LeBron James at Space Jam premier
Source: Getty Images

LeBron James's SpringHill Company Still Private, But Inching Toward Unicorn Status

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Oct. 15 2021, Published 11:57 a.m. ET

Celeb-founded SpringHill Company—a brainchild of LeBron James and Maverick Carter—has secured a minority investment that values the company in the hundreds of millions. The startup isn't a unicorn yet, but it's headed in that direction.

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Despite major investor interest, SpringHill has yet to hit the public market. Here's what James's company is up to instead.

SpringHill is gaining momentum early on

Maverick Carter speaking on stage
Source: Getty Images

James and long-time friend and business associate Carter founded SpringHill in 2020. The company's mission is to "empower greatness in every individual, from creators to consumers [...] by creating the most culturally-inspired brands, entertainment, and products."

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What this really means is creating and fostering brands as intellectual property (IP), including Uninterrupted, More Than, The Shop, and Kneading Dough. It develops films (such as Space Jam: A New Legacy and The Carter Effect), TV shows (such as Shut Up & Dribble and Self Made: Inspired by the Life of Madam CJ Walker), and audio (such as 17 Weeks and Certified Buckets).

In less than two years, the basketball-star-founded company has acquired a hefty valuation thanks to a minority stake investment. What started as a content company has evolved into apparel, events, and IP, meaning the founders took the necessary pivots for a business that started during a pandemic.

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SpringHill courts big-time investors, earns $725 million valuation

As of mid-Oct. 2021, SpringHill closed a minority stake sale of its company to a slew of investors. The deal has brought James's company to a $725 million enterprise valuation, inching closer toward that $1 billion unicorn mark. This is a huge feat given the company's young age. RedBird Capital Partners, Fenway Sports Group, Nike, Epic Games, and UC Investments have all bought into the deal.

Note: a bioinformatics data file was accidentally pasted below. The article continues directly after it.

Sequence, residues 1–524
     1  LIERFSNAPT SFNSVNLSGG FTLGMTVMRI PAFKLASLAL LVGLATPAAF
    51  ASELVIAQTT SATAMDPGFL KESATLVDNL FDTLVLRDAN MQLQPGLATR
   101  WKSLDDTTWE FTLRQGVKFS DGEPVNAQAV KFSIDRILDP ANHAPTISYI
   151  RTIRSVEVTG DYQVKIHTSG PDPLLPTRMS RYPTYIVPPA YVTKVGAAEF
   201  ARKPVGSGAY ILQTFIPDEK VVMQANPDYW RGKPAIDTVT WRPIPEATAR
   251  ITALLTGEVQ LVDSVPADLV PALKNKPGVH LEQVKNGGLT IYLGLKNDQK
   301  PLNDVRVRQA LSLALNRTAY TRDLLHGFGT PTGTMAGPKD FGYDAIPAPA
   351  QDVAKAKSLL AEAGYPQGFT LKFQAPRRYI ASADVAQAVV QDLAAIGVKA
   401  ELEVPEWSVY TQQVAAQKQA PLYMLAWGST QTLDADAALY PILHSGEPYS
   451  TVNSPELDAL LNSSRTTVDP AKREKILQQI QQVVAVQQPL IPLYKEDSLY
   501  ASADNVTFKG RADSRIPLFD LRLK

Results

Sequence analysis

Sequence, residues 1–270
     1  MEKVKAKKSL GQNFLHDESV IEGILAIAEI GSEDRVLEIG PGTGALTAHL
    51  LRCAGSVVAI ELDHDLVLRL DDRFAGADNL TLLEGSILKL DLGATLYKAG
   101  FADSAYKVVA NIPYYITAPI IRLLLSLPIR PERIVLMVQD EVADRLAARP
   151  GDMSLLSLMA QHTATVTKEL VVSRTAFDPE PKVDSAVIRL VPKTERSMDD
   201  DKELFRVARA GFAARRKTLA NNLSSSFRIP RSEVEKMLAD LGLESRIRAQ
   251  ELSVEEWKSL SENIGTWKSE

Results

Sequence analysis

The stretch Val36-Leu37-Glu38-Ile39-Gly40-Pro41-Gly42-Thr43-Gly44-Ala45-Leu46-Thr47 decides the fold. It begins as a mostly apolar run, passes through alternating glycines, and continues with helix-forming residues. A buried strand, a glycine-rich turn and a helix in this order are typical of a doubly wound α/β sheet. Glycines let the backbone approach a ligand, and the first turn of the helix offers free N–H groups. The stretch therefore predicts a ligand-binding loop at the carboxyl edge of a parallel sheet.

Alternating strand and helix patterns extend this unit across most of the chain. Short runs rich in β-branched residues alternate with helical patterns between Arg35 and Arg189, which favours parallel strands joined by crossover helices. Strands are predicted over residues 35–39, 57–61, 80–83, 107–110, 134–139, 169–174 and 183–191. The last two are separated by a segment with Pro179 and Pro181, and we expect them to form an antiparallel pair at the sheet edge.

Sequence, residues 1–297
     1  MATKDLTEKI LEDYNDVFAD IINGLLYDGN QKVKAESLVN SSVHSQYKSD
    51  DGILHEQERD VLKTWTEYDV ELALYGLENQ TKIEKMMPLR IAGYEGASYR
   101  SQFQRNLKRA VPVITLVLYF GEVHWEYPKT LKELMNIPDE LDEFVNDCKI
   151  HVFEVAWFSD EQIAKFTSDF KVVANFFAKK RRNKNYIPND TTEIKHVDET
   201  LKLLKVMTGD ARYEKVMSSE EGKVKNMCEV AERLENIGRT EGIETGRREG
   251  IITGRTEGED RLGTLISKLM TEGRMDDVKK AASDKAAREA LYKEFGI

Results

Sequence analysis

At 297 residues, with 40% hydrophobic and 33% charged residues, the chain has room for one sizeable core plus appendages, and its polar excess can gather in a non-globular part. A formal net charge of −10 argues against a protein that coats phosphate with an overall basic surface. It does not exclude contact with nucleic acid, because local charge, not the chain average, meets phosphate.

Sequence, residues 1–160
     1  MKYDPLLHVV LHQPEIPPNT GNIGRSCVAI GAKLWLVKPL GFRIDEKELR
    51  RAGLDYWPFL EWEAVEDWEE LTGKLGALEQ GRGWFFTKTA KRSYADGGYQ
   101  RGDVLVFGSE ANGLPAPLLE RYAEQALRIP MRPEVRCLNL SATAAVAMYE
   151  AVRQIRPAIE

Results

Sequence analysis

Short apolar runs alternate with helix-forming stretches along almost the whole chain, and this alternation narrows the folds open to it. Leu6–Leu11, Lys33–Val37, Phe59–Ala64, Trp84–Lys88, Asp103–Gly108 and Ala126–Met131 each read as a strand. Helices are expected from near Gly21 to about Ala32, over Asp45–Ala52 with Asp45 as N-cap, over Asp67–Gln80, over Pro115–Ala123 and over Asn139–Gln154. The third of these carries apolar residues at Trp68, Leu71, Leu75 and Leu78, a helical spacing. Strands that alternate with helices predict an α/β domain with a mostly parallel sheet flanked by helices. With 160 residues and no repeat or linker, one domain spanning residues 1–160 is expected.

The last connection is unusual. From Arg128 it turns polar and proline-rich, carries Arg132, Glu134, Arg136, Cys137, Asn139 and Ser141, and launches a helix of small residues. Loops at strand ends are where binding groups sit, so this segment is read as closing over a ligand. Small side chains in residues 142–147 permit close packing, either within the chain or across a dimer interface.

Following the deal, James and Carter will retain their controlling ownership positions. The size of the investment has not been declared, but it seems favorable for the founders.

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RedBird founder and managing partner Gerry Cardinale told reporters that his "partnership with SpringHill should enable us collectively to optimize that mission with scalable capital and a business building mentality that will continue to elevate more diverse voices and a drive towards greater empowerment."

LeBron James' company isn't public, but don't shut the door on this athlete-entrepreneur

SpringHill is a young company, and it's progressing extremely quickly despite its short existence. Outside of noteworthy shows and movies, brand partnerships with big names such as Procter & Gamble, Chase, and PepsiCo are helping to propel its vision. SpringHill is already the proud recipient of Emmy, NAACP, Cannes Lion, and Webby awards.

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James and his team have yet to discuss the potential for a public offering. However, an IPO is not off the table for this fast-growth operation. What's more likely is that SpringHill will vie for unicorn status, putting it in the top tier of startups.

Granted, SpringHill's celebrity backing does it a lot of favors in cajoling investors—but that doesn't mean this IP-rich company doesn't have the gusto to succeed in the long term.

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